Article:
GEORGE BY DAY, SONIA BY NIGHT
He led a double life. During the day, he was George Watkins, costume designer for a small theater company. But as soon as the sun went down, he’d become Sonia, femme fatale. He would throw off the T-shirt, faded dungarees, and sneakers he’d worn all day, take a long, hot, scented bath, put on an elegant gown, high heels, and an upswept blonde wig, and be transformed into what he knew himself to be.
George was quiet, hardworking, and unassuming. Often ignored. No one ignored Sonia. Her favorite haunt was the drag bar just across the street from FBI Headquarters in downtown Washington. She found the irony of that odd juxtaposition delicious. She would arrive by cab and take up her accustomed position on a high-backed stool at the brightly lighted end of the bar.
She was surrounded by admirers all evening, every evening – well-dressed, middle-aged men mostly – but she would keep them at a distance, tilting her head and smiling so they wouldn’t go away entirely, but remaining aloof. She was waiting for the moment she knew would come. That moment, late at night, usually well after midnight, when a hard-muscled, sexy young man with a telltale crew cut would wander in alone, believing that he had camouflaged himself by leaving his regulation dark-blue suit at home and coming in a sport shirt and casual slacks instead.
Sonia always seemed to know, at these moments, whether to glance toward the door or not. She could tell instantly whether it was someone who’d been in before – or a newcomer, unable to resist any longer. Oldtimer or newcomer, it was always the same. First, he would look around to be sure no one he recognized was there. If he was satisfied, he would stay; if not, he would disappear back out the door.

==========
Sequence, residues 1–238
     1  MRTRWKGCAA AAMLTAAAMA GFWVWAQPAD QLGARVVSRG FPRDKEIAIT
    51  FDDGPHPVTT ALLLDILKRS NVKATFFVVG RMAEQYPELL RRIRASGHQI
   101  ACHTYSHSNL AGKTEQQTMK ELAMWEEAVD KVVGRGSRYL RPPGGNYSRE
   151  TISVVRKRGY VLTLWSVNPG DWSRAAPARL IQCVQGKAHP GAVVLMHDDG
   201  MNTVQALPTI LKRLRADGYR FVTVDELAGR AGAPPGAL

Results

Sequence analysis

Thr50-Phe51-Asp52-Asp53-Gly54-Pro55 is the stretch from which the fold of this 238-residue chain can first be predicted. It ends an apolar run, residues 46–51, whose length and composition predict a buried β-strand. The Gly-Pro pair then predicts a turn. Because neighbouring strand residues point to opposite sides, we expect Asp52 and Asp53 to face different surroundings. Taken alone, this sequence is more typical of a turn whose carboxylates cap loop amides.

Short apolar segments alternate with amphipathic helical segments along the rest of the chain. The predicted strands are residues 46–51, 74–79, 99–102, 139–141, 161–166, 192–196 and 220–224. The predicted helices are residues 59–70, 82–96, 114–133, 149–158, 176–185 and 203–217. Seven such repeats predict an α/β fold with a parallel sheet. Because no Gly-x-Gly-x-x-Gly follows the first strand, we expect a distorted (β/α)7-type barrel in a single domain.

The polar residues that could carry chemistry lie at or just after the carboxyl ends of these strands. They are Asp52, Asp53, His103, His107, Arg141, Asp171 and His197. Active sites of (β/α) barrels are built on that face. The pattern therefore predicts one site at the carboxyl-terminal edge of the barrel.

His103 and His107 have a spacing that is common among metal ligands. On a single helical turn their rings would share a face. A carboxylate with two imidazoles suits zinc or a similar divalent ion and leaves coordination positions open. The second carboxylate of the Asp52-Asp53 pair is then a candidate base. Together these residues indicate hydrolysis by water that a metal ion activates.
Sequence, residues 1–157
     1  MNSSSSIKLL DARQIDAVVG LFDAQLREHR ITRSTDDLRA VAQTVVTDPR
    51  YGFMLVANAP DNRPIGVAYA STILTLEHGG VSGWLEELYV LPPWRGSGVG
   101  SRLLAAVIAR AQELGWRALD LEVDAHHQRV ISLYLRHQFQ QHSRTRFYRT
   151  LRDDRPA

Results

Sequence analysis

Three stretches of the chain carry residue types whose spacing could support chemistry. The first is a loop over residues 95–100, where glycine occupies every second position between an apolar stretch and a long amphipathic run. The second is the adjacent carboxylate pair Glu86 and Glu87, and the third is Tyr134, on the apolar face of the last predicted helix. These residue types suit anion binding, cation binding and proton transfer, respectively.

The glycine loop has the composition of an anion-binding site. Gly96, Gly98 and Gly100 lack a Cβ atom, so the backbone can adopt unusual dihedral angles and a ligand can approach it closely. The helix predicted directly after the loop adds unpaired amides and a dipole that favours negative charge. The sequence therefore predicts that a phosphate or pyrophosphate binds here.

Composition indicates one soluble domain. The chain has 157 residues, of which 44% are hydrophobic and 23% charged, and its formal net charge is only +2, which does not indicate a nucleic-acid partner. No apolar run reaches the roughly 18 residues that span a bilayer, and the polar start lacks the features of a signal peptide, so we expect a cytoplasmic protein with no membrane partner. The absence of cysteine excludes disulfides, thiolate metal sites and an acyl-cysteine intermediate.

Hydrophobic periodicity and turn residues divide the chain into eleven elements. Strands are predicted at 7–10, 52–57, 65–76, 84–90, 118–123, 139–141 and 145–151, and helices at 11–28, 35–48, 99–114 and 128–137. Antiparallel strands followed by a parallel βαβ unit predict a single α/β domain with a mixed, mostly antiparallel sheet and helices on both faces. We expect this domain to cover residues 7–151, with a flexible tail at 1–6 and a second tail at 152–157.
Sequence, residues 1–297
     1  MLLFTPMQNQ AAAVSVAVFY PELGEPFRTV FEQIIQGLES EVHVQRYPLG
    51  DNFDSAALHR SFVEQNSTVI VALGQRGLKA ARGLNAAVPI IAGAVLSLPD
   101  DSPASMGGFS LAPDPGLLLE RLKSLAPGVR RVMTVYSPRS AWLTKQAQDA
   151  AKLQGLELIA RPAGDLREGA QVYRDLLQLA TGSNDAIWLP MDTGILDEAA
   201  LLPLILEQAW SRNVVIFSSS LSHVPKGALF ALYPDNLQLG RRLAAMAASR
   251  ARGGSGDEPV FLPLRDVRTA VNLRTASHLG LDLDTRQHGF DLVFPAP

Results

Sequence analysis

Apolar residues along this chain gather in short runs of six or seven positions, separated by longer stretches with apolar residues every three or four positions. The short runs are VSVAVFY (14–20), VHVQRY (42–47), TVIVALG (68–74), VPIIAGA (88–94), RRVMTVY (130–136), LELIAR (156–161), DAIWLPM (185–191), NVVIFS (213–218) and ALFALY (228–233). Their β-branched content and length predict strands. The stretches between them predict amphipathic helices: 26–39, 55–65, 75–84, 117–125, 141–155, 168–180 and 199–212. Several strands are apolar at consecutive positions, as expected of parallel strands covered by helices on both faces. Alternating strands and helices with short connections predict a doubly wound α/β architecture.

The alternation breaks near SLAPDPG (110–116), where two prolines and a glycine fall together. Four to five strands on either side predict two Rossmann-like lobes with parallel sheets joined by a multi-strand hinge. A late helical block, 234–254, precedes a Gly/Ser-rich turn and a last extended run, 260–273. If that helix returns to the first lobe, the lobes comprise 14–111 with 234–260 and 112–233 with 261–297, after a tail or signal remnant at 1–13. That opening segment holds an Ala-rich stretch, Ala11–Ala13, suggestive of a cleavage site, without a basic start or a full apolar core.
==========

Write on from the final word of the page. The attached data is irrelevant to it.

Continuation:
If he stayed, he would sit at first off in a back corner, nursing a beer, keeping to the shadows. But then, if she was patient, he would be drawn to Sonia’s side, like a moth to a flame. She more than any of the other girls. There was something about her. He would buy her a drink – always a glass of Chablis – talk to her, dance with her, go with her to her apartment not far away.
When he first started getting sick, George tried hard to keep Sonia going. Makeup covered the first of the lesions on her face and the dark circles under her eyes. Gowns with long sleeves replaced the strapless ones she preferred. But when the flesh began to melt away and getting her put together took too much of his strength, he gave up and spent his evenings at home, for the first time in years. With half of his life gone and no idea what to do with so many long, dark hours, he felt lost. It was no wonder the disease progressed so rapidly. He was in and out of the hospital for a while, then in to stay.
One of the nurses’ assistants on his floor, a young black man named Andy, was particularly fond of George. He came by as often as he could – to chat, to rub George’s shoulders, to try to cheer him up. He didn’t meet Sonia till near the end.
Late one afternoon, his strength nearly gone, George said to Andy, “I hate to impose, but would you be willing to do me a very big favor?”
“Of course,” said Andy. “Just name it.”
“Could you go by my apartment and bring me a few things? I’ve got a list here. And the key.”
The next morning, George was even weaker, barely able to speak, unable to move. Andy lifted him up, gently, and put on the lacy lavender bed jacket and the dark purple velvet turban. He followed George’s barely-heard instructions and plucked a few stray hairs from his eyebrows, painted his upper lids a pale blue, put a touch of blush on his stubbly cheeks and a bit of lipstick on his mouth.
“I’m afraid I’m not very good at this,” said Andy.
“Doesn’t matter,” Sonia whispered.
When Andy had finished, Sonia pointed at the hand mirror. He held it in front of her. She winced at first, then almost smiled. What she saw was the faintest shadow of what she once had been, but it was enough.
She nodded and settled back on the pillow.
“Thank you,” she whispered. “Now I can go out in style.”